Yours is a very good and simple question but requires a long and complicated answer which Stephen Kenyon has done a very good job synthesising ; he knows his stuff!
Stephen Kenyon wrote:
Sat Dec 23, 2017 8:49 pm
For sake of clarity, should all the Gs be marked sharp in the above?
For sake of gratitude, I have altered the A minor Harmonic Triads, as you quite rightly suggested. Sadly, I did it AFTER you quoted it (you might now want to edit your post).
I couldn't do it with Finale but used something called NotAset (which you are most probably too young to know anything about - have we moved on, or what ?!) which came out of a drawer where it had not seen the light of day for at least twenty five years, but was as fresh as a daisy, and which was woken up with a kiss - it must have thought I was three quarters of a century early).
Apologies for the fact that it is not quite the same size as in Finale, but what it loses in bulk it gains in finesse.

User avatar
Stephen Kenyon
Teacher
Posts: 2394
Joined: Sun Aug 04, 2013 11:26 am
Location: Dorchester, Dorset, England

Re: Technique and Harmony - anticipation in new piece

Post by Stephen Kenyon » Sun Dec 24, 2017 7:22 pm

Fretful wrote:
Sun Dec 24, 2017 5:39 pm
...
I couldn't do it with Finale but used something called NotAset (which you are most probably too young to know anything about - have we moved on, or what ?!) which came out of a drawer where it had not seen the light of day for at least twenty five years, but was as fresh as a daisy, and which was woken up with a kiss - it must have thought I was three quarters of a century early).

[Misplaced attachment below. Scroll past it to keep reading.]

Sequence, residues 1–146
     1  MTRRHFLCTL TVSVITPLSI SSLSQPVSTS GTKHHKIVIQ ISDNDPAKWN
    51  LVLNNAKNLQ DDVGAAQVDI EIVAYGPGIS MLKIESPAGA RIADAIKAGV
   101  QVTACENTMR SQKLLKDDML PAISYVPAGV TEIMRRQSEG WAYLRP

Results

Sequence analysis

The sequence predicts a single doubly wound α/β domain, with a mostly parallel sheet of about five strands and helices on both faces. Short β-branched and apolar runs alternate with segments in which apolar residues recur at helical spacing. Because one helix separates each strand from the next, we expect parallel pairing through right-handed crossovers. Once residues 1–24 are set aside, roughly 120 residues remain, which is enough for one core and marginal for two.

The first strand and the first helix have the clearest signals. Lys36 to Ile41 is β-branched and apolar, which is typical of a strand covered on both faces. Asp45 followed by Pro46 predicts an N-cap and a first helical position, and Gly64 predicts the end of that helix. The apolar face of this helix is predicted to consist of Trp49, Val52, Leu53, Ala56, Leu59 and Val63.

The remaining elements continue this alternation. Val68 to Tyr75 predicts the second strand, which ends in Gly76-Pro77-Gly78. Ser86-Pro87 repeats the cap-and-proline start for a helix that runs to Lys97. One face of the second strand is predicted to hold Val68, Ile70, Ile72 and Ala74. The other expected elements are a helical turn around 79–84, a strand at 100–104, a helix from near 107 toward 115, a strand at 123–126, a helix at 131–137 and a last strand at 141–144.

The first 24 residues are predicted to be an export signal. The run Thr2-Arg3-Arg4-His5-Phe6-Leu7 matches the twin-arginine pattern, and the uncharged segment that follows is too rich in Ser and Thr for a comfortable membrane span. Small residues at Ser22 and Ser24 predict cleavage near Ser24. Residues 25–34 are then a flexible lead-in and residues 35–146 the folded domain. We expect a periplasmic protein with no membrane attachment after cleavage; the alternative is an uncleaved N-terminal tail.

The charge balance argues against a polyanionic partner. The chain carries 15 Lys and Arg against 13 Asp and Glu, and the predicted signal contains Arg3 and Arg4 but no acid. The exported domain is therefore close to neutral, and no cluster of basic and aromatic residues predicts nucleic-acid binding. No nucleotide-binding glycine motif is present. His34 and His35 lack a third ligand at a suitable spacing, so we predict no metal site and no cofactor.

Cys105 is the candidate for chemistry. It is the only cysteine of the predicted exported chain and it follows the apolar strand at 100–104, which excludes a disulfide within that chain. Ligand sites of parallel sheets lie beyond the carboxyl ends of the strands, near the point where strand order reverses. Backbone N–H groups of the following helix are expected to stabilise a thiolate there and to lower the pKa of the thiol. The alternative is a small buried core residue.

Apologies for the fact that it is not quite the same size as in Finale, but what it loses in bulk it gains in finesse.
You may not believe it but I used NotAset (NoteAset? NotaSet?) in the 1980s - its a dry transfer letting of music characters for those wondering what the heck we are rabbiting about) - for a very silly publisher who shall remain nameless (as well as shameless) in fact I still have the rubbing tool used to transfer the characters neatly. I am amazed yours is still useable after all this time. Somehow I doubt a computer of that vintage would start up first time - hang on, where's my old Atari 1040 ... ?

Did you say somewhere your Finale is one of the cut down versions? Think it must be.
Simon Ambridge Series 40 (2005)
Trevor Semple Series 88 (1992)
Louis Panormo (1838)
Alexander Batov Baroque Guitar (2013)

dtoh
Posts: 261
Joined: Mon Jan 11, 2016 12:54 pm

Re: Technique and Harmony - anticipation in new piece

Post by dtoh » Sun Dec 24, 2017 11:24 pm

Fretful wrote:
Sun Dec 24, 2017 12:23 pm
Many thanks. I haven't written the sequel yet. I was thinking I might do it. Your encouragement further tempts me.
It would be a huge help to a lot of people. You could start small by annotating a few existing studies that are off copyright. Build from there.

Fretful
Posts: 123
Joined: Wed May 11, 2016 2:00 pm

Re: Technique and Harmony - anticipation in new piece

Post by Fretful » Mon Dec 25, 2017 12:55 am

dtoh wrote:
Sun Dec 24, 2017 11:24 pm
You could start small by annotating a few existing studies.